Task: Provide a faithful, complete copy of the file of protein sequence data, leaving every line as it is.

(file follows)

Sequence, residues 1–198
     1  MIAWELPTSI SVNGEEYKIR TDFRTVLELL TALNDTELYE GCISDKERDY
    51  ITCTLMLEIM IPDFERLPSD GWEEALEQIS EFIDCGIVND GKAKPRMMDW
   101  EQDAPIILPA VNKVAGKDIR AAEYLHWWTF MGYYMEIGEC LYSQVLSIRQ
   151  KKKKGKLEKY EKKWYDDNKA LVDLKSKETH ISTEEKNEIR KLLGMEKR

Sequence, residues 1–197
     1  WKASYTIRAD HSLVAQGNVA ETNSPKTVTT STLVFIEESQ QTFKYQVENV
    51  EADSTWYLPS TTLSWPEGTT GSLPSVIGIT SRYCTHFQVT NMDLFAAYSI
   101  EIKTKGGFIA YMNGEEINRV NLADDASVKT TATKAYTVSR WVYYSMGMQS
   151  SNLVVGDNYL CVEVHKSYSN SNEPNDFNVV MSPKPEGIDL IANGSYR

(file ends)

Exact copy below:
Sequence, residues 1–198
     1  MIAWELPTSI SVNGEEYKIR TDFRTVLELL TALNDTELYE GCISDKERDY
    51  ITCTLMLEIM IPDFERLPSD GWEEALEQIS EFIDCGIVND GKAKPRMMDW
   101  EQDAPIILPA VNKVAGKDIR AAEYLHWWTF MGYYMEIGEC LYSQVLSIRQ
   151  KKKKGKLEKY EKKWYDDNKA LVDLKSKETH ISTEEKNEIR KLLGMEKR

Sequence, residues 1–197
     1  WKASYTIRAD HSLVAQGNVA ETNSPKTVTT STLVFIEESQ QTFKYQVENV
    51  EADSTWYLPS TTLSWPEGTT GSLPSVIGIT SRYCTHFQVT NMDLFAAYSI
   101  EIKTKGGFIA YMNGEEINRV NLADDASVKT TATKAYTVSR WVYYSMGMQS
   151  SNLVVGDNYL CVEVHKSYSN SNEPNDFNVV MSPKPEGIDL IANGSYR